ABU DHABI // With the population of the Middle East forecast to rise from about 360 million to more than 600 million by 2050, experts yesterday turned their attention to more efficient ways of allocating the precious resource.
"The population is becoming richer, which means there is a higher demand for water-intensive products for food like meats and more energy-intensive households," said Tom Soo, executive director of the International Water Resources Association.
"By 2030, we will withdraw 20 to 30 per cent more water than our existing reliable supplies."
Mr Soo said re-use was crucial. "The Colorado River is reused six to seven times before reaching the sea.
The Global Water Intelligence's Re-use Markets says 4,000 trillion litres is extracted a year. Only 10 per cent of that is collected and only seven trillion litres, or a small fraction of 1 per cent of the total, is treated.
Globally, agriculture accounts for 83 per cent of water used. But with the world population expected to rise from seven billion people to nine billion by 2050, so will demand.
"Balancing the multiple uses [of water] is very important, as well as getting the priorities right between which water quality for which uses," said Mr Soo. "You don't always need drinking-water quality to irrigate."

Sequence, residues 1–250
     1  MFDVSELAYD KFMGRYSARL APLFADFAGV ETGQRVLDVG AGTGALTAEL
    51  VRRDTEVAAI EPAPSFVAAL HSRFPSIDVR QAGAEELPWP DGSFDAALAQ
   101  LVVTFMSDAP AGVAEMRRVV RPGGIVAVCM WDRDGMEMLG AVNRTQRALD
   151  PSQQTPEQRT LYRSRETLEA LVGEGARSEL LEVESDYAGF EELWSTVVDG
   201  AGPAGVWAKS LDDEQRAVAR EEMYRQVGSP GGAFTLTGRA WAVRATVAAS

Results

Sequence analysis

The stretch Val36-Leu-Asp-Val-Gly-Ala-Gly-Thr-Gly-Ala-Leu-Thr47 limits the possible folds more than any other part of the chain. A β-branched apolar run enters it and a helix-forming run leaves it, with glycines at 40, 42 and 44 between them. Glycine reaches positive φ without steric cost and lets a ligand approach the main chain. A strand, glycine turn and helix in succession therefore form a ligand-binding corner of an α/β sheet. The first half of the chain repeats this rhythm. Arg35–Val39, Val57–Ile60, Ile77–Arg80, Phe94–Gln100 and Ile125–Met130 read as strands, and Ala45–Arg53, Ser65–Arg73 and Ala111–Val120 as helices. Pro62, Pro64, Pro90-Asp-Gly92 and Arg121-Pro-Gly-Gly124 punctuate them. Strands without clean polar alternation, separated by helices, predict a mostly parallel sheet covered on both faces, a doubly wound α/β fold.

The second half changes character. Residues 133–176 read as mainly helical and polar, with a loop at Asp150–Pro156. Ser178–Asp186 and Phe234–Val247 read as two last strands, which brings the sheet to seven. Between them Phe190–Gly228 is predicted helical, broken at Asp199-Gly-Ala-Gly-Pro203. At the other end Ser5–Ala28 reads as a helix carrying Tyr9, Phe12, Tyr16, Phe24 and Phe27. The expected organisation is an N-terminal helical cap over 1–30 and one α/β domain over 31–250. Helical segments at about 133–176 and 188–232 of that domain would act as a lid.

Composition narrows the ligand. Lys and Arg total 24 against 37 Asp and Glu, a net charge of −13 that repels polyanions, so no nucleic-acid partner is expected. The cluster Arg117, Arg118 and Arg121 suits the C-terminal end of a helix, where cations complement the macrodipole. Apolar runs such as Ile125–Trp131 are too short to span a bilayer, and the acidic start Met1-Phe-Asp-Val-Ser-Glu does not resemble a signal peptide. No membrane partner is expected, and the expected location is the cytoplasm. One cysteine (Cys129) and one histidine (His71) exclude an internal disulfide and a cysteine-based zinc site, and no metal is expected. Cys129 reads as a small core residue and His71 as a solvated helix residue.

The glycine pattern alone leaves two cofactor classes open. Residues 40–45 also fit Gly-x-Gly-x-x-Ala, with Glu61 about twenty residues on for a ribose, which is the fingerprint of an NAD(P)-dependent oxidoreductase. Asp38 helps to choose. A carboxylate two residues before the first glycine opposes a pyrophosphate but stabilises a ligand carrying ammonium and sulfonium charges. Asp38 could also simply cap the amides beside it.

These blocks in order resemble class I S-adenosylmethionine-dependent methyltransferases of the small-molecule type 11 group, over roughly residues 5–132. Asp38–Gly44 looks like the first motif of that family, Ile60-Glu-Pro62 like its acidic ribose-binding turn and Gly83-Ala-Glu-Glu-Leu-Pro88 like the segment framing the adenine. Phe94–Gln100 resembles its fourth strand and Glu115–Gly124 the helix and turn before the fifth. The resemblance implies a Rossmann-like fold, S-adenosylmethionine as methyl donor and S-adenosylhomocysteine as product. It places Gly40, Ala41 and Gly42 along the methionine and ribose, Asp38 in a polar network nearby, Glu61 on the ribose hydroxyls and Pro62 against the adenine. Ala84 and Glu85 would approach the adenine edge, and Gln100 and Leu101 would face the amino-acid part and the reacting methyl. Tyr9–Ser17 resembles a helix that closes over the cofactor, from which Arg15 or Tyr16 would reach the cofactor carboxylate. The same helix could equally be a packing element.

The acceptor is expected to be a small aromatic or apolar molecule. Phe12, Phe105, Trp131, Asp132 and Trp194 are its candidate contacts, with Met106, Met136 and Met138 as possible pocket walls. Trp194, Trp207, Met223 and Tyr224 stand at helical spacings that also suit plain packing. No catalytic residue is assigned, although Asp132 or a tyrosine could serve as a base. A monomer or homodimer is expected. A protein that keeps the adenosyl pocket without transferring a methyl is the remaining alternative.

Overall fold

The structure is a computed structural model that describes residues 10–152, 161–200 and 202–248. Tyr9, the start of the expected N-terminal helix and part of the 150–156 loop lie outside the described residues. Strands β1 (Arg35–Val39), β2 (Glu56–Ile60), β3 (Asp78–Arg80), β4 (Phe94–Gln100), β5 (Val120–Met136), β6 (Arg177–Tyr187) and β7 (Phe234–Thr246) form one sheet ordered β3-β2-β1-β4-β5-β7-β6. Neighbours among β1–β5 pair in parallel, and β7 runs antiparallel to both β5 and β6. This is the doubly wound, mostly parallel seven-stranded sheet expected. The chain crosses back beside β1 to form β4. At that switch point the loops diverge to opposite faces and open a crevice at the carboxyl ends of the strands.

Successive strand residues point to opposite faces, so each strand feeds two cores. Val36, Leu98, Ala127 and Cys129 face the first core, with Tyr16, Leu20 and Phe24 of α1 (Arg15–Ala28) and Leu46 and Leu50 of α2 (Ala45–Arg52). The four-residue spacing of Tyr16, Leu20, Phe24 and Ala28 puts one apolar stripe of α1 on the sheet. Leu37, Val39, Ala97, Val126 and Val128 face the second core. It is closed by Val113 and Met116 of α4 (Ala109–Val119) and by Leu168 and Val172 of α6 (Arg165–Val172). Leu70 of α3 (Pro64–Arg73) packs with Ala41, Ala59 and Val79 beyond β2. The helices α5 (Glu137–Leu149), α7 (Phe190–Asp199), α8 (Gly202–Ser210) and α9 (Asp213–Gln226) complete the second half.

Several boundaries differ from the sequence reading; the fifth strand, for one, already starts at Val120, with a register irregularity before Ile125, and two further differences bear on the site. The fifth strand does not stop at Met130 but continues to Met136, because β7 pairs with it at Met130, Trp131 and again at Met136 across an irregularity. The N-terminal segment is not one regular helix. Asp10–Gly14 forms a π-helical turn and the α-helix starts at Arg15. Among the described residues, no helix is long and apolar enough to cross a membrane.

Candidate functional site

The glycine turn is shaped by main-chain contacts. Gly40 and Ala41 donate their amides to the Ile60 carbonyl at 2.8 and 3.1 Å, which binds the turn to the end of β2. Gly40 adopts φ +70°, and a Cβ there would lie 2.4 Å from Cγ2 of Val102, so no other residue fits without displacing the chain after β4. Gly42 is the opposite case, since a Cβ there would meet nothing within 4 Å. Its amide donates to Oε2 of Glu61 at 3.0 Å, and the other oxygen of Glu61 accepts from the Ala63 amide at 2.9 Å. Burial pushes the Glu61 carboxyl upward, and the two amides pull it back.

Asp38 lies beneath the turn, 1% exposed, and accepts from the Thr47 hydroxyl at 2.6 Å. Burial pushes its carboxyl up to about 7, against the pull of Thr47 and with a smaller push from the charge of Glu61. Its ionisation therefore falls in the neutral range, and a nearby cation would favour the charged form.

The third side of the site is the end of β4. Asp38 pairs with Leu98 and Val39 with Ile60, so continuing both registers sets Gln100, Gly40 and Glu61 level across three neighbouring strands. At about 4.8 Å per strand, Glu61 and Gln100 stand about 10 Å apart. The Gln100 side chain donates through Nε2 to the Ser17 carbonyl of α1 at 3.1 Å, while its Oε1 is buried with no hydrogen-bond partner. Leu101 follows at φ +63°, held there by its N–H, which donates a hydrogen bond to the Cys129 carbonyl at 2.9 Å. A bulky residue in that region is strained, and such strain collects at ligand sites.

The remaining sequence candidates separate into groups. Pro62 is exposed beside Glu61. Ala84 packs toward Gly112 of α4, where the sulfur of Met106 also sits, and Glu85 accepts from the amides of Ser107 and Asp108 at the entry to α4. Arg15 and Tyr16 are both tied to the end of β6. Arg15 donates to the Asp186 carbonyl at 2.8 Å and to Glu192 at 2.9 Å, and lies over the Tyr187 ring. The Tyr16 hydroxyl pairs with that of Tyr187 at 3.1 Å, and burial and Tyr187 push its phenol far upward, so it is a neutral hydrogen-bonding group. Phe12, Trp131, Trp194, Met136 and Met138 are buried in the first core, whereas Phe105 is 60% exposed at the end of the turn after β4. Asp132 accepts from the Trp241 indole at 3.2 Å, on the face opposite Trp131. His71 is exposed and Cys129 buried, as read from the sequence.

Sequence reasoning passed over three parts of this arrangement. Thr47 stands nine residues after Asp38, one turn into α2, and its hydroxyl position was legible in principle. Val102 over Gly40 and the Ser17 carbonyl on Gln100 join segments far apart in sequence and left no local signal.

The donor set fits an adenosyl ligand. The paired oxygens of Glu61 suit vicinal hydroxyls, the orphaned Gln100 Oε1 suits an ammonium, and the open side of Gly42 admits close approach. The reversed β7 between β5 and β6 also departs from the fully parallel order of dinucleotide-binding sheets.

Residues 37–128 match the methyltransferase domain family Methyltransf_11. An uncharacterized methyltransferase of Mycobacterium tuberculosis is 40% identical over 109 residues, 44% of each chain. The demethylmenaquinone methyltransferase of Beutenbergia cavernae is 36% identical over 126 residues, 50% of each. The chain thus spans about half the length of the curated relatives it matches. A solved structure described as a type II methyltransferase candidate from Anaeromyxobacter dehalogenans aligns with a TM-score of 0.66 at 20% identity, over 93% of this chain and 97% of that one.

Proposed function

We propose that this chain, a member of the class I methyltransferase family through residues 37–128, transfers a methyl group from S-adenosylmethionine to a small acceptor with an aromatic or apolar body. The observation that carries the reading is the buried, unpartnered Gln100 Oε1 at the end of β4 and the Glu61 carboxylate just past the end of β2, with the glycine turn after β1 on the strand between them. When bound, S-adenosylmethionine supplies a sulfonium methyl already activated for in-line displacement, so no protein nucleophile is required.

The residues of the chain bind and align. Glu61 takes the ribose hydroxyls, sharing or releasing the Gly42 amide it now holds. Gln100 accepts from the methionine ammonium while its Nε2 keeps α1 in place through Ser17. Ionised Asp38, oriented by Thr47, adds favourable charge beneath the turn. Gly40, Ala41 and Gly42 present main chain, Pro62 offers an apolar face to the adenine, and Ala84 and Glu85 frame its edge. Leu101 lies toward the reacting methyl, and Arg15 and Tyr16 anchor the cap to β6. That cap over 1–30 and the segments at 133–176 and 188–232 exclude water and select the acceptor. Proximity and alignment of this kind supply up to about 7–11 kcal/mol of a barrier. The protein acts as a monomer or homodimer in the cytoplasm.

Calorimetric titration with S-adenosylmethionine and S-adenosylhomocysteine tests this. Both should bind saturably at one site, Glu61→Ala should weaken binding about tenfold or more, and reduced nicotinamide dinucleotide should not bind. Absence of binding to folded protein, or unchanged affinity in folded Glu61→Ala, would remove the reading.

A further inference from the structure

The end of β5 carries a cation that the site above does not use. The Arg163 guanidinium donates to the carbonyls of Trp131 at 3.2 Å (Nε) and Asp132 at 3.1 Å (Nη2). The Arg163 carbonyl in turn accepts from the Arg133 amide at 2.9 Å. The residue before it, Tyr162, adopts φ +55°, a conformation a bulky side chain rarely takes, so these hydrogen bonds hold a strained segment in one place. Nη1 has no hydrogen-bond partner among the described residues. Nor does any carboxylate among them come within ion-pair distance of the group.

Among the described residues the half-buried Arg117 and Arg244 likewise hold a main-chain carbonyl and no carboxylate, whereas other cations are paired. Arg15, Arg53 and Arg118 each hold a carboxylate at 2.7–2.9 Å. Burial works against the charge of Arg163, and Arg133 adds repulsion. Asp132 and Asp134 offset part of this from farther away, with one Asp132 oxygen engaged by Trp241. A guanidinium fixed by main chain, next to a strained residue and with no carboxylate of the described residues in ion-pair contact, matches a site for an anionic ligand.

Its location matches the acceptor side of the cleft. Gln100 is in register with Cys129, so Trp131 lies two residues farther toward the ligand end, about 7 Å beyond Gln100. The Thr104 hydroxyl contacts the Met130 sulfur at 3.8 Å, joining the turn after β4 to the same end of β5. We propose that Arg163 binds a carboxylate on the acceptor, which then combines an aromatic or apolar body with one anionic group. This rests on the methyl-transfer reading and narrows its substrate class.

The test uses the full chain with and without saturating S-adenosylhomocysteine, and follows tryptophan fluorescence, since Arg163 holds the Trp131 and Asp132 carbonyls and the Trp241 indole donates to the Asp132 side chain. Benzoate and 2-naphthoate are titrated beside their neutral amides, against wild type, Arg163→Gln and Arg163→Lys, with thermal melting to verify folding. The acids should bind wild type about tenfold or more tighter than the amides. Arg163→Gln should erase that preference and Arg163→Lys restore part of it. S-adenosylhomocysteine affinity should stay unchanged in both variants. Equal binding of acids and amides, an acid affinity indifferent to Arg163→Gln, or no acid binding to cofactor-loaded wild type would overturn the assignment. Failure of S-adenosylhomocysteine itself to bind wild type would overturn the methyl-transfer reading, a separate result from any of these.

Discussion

By 2025, water demand is expected to be a third higher than in 2000.
"In 40 years, domestic water use doubled in Japan due to a change in lifestyle," said Nobuhiko Sasaki, Japan's vice minister of economy, trade and industry.
Things are no better in the Middle East. Jordan's agriculture uses two-thirds of its water while only contributing 3 per cent to its economy.
The UN says some Arab countries had higher water consumption than countries such as the US or Germany.
"It's urgent to find new ways in arid regions to deal with growing water scarcity and increasing competition of water demand," said Uschi Eid, vice chairwoman of the UN secretary general's advisory board on water.